Creating an estate plan can accomplish several goals, such as providing financial stability for a spouse, minimizing expenses, preserving assets for future generations, and ensuring that chosen, trusted individuals can make decisions on your behalf in the event of incapacity. Oftentimes, people misunderstand the goals of estate planning and perceive the process as unnecessary if your estate is monetarily irrelevant. However, this misperception will cause more harm than good, creating expense, uncertainty, and confusion.

Drafting a will or trust will help to transfer assets to chosen beneficiaries at the time of your death. If you have real property in your estate, for example, you can dictate in your will who will receive title to the real property after your passing. Once your representative submits your will for probate in court, the real estate will be transferred to the designated beneficiary. The judge can also enter an order transferring title to the named beneficiaries, which is recorded in the same manner as a deed. Conversely, if you do not have a will at the time of your death, the probate court will transfer your real estate according to the intestate laws of your state. Under this scenario, your real property may pass to unintended heirs, which could create confusion for those who matter most.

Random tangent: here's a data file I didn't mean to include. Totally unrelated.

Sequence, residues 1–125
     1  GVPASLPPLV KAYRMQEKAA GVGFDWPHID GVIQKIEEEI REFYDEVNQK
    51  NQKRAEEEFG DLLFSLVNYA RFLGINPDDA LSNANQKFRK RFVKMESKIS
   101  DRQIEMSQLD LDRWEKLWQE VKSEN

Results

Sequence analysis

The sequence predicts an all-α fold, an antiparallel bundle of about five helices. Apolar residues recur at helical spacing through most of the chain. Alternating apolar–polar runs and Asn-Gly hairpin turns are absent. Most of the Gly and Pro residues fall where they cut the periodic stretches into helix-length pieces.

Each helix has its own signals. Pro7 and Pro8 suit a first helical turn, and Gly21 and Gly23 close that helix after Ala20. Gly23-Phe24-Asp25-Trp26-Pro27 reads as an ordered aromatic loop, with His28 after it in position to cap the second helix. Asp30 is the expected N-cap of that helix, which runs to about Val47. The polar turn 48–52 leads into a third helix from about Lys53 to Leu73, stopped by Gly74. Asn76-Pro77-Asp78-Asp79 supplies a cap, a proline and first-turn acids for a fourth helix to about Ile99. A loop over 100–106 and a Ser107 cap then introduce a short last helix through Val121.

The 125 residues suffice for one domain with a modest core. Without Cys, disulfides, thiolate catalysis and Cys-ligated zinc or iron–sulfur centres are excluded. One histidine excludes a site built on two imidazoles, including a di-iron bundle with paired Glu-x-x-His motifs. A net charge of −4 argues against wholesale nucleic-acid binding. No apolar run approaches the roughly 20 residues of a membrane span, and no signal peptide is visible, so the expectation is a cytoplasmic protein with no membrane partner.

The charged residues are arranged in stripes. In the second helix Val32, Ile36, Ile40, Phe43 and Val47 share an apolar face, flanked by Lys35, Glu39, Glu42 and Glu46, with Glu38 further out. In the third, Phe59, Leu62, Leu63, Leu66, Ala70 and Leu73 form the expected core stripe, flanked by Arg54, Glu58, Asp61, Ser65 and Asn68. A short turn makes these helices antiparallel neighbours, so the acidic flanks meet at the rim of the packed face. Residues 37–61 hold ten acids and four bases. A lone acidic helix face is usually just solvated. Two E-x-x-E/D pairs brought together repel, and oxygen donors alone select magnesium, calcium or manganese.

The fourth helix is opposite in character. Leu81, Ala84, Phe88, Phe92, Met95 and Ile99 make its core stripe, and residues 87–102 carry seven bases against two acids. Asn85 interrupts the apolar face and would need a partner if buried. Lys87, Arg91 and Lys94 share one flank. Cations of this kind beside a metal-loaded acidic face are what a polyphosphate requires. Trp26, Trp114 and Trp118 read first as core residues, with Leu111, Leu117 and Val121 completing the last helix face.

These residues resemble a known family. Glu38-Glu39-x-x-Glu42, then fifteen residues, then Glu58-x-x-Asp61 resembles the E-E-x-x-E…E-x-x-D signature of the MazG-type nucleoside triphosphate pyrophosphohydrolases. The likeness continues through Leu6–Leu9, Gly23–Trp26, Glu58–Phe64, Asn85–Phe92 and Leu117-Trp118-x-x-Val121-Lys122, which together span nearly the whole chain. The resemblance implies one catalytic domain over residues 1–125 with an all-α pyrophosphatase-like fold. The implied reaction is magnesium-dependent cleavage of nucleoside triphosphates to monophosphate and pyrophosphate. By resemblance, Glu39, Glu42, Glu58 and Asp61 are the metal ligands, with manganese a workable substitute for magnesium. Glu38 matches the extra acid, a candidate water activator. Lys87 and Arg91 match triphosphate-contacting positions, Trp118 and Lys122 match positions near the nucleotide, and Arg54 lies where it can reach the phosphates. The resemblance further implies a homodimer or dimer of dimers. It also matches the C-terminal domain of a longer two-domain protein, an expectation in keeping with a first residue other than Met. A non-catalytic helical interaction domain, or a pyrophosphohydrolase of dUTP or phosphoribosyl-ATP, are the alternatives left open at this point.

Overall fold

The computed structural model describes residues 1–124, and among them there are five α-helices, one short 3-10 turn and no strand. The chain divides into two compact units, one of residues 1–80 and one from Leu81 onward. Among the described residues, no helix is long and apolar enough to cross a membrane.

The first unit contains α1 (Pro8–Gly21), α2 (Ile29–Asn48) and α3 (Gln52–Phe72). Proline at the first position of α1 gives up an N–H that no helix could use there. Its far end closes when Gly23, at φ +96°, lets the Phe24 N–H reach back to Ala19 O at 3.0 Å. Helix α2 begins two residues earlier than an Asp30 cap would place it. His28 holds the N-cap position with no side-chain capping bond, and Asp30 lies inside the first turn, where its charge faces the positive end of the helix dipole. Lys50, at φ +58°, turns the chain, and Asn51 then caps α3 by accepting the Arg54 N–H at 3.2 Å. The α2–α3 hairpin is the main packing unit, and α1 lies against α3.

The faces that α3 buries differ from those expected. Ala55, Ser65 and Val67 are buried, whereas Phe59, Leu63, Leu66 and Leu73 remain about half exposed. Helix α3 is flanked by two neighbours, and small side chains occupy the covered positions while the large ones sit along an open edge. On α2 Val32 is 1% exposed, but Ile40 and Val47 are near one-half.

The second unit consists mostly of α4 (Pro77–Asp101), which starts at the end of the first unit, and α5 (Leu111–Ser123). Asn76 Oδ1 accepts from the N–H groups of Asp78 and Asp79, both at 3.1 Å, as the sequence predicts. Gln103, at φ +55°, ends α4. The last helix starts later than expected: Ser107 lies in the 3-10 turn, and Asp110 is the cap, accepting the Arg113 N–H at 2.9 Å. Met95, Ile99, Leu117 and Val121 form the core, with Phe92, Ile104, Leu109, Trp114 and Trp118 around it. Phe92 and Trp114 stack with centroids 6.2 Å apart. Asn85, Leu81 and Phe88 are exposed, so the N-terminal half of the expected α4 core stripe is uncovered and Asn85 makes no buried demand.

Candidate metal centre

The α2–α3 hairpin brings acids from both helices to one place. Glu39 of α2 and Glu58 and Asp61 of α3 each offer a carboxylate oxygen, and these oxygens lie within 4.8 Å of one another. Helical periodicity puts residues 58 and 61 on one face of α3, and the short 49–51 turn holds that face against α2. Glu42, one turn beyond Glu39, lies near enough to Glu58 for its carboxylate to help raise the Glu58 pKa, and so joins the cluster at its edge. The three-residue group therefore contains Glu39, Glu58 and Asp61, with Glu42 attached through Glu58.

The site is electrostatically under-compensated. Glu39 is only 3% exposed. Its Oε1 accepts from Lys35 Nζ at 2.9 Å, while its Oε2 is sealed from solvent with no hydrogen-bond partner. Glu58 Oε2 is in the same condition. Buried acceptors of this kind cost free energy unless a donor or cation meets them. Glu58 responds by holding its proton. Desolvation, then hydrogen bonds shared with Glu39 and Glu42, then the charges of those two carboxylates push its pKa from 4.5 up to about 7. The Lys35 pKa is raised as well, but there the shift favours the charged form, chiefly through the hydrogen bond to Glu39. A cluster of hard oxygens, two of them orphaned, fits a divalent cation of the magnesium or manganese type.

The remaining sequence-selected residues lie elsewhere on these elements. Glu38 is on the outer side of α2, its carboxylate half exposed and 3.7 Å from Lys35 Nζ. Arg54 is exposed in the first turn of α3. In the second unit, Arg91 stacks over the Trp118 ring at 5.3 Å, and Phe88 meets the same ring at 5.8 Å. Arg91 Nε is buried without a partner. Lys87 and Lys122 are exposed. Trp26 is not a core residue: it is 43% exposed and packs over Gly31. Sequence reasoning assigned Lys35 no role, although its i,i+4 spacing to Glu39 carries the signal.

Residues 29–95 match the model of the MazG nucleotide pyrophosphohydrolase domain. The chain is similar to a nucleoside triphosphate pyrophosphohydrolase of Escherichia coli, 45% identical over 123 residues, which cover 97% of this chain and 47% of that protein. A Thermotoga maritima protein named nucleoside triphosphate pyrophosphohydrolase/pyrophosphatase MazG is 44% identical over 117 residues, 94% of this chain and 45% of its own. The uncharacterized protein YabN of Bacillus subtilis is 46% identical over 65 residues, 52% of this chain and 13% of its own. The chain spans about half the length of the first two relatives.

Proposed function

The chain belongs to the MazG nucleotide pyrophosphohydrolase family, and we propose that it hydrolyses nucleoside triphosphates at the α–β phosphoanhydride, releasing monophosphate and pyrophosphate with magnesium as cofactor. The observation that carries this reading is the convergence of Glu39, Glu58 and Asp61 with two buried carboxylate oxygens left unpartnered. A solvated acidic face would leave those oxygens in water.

Planning for incapacity is also an important part of an estate plan that does not correlate with the value of your estate. Power of attorneys, both medical and durable, are essential parts of any estate plan, so your wishes can be carried out by a trusted agent should you become incapacitated during your lifetime. Designating a trustworthy individual to manage your medical and financial decisions in your time of need will provide assurance and eliminate all uncertainty. Ultimately, creating an estate plan focuses little on the monetary value of your estate and greatly on making sure your estate is secure for the future.